Yep! As always it depends on the use case. I have seen great
savings and also none...
Gather data, evaluate, code and test to prove that it really
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On 4 Mar 2018, at 09:51, Michael Hannan
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In Reply to Renato Delbrueck:
Can such a program perform a multi-row fetch?
What should be taken into account for this to work out?
Others answered well. A couple of things. Sometimes savings from
Multi-row Fetch is quoted at up to 50%. This is really useless an
misleading information. The savings are not a percentage of the
total Cursor cost at all, only a portion of the Fetch call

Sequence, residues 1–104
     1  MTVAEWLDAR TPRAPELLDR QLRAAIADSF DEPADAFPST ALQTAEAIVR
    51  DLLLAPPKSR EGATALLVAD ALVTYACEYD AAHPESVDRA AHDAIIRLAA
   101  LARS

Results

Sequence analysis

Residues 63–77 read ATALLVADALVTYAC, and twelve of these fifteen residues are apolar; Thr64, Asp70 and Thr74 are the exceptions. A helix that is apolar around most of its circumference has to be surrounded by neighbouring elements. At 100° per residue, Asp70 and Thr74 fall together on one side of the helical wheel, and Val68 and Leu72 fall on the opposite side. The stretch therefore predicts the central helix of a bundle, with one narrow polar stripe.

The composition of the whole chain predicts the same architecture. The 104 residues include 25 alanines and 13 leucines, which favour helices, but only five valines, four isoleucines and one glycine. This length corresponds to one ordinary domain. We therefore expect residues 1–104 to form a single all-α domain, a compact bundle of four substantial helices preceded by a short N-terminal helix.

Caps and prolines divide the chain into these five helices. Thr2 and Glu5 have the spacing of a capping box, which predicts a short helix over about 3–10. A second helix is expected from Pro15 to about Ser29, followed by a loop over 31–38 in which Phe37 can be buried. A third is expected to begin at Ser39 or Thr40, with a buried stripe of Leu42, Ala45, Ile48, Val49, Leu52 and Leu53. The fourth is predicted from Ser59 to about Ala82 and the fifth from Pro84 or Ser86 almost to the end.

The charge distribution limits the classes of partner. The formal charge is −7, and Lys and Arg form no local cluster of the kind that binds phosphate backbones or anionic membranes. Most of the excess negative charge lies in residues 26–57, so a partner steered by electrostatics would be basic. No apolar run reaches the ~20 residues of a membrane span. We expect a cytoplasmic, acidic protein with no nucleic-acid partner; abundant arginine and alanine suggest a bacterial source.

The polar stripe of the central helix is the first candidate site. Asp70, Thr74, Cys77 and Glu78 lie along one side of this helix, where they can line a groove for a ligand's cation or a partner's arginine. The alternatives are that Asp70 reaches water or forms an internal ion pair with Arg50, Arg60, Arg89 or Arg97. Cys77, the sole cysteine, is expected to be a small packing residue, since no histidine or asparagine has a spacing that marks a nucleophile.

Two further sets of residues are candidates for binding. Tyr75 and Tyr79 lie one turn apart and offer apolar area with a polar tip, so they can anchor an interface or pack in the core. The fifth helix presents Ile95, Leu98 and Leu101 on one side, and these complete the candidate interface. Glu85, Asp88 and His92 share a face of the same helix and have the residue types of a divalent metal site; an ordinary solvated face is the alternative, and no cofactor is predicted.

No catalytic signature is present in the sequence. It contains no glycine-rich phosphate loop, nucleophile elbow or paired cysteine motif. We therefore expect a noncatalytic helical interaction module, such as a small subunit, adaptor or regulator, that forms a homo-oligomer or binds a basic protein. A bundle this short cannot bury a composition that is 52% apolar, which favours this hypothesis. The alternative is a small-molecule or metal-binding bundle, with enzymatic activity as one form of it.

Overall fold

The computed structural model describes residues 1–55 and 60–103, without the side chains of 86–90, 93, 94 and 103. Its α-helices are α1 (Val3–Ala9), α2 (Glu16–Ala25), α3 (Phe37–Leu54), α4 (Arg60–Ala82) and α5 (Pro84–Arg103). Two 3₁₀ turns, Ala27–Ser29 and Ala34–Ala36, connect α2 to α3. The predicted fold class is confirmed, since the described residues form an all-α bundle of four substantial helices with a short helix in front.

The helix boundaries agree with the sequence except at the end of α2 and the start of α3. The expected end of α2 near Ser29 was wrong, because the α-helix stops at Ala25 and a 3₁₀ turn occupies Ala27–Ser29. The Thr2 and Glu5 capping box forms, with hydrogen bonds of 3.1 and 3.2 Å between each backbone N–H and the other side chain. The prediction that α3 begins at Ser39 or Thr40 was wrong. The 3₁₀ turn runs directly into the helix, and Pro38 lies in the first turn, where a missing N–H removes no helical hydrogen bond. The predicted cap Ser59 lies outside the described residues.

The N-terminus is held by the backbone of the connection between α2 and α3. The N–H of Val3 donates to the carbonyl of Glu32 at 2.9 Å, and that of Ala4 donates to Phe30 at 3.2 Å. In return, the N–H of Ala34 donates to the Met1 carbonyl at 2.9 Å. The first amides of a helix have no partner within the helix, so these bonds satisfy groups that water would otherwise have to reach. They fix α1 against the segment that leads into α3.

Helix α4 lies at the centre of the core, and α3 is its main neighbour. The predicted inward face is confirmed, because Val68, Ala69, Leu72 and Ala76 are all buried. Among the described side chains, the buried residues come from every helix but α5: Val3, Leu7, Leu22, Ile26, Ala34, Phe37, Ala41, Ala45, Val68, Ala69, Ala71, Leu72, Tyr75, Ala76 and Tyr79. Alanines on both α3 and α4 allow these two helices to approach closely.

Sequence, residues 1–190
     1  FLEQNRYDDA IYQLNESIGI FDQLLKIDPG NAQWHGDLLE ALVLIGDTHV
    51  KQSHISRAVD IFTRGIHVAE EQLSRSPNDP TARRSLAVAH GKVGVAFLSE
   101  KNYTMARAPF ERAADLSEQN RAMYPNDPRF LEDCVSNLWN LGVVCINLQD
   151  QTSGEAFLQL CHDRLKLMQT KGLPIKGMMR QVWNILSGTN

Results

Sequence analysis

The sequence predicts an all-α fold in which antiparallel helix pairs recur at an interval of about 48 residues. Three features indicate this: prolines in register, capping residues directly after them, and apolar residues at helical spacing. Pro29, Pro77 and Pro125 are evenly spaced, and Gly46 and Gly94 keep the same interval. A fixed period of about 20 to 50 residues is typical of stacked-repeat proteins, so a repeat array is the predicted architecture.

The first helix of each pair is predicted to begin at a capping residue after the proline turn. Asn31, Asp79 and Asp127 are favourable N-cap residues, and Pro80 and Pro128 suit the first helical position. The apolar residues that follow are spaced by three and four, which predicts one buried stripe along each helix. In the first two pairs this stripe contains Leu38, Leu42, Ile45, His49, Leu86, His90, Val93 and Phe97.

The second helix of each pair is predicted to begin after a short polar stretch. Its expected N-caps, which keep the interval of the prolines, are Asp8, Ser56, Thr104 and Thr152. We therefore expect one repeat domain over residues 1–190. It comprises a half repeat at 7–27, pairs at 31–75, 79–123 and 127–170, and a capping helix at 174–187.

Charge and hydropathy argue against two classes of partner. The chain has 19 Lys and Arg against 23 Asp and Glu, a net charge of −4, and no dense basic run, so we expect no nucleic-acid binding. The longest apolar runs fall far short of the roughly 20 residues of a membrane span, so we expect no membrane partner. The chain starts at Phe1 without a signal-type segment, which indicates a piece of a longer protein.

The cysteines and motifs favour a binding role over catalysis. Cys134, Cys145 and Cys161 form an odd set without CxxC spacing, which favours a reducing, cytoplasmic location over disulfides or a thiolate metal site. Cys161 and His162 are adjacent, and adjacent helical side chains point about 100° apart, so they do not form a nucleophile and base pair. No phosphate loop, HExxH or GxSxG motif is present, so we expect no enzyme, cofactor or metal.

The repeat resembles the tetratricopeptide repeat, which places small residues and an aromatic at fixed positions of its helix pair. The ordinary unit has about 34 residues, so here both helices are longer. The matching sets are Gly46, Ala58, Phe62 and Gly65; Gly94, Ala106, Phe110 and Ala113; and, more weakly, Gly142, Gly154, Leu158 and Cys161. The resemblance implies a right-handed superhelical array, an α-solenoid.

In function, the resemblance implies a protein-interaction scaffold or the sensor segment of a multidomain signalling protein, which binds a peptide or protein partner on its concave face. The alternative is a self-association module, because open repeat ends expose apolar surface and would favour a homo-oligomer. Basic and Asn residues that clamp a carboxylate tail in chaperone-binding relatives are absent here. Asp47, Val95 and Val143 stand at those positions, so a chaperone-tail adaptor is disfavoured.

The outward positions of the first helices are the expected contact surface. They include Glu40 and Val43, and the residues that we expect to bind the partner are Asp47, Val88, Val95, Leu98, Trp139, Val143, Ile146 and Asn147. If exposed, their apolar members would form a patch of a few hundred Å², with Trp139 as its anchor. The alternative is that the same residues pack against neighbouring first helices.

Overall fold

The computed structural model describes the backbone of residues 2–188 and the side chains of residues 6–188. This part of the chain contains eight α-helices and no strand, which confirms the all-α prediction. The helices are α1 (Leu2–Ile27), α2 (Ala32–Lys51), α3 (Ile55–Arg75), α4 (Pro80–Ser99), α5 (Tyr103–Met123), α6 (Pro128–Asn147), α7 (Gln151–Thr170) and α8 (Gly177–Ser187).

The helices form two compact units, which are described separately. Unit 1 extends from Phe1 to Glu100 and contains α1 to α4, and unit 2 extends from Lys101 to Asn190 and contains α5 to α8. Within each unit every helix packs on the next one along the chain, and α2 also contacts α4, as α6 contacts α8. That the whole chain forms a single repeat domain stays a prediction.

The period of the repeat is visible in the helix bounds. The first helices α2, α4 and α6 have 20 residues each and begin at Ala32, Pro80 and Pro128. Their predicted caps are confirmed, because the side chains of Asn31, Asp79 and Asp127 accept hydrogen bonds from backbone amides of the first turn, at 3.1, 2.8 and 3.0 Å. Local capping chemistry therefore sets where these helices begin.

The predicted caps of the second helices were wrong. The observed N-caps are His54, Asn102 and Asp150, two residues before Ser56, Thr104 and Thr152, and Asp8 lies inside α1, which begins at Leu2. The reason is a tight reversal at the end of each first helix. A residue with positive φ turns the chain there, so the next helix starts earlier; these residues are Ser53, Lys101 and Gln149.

It is not worth the effort to code for multi-row Fetch unless you
typically have a very large number of Fetches per day especially in
Peak Hours. Also if you have only an average of 1.1Fetches per
Cursor Open (when most Fetches are a Not Found), the MRF does not
help you. You might need at least a few Fetches per Open to make
Consider this a batch Fetch might have an overhead of a 5 microsecs
(depending on processor speed). That is on a slow engine. If you
save 1 million Fetches through using multi-row fetch you might save
5 seconds of CPU. Not a lot if at a time when it does not matter.
In CICS the overheads can be about 3 times higher, if not using
The message is use your effort to code multi-row Fetch on the most
Fetch intensive processes in the installation.
I have seen a lot of MRF used where it just was not necessary, then
again not used when Fetches were really huge. Sometimes puzzling
DB2 Application Performance Specialist
CPT Global Ltd
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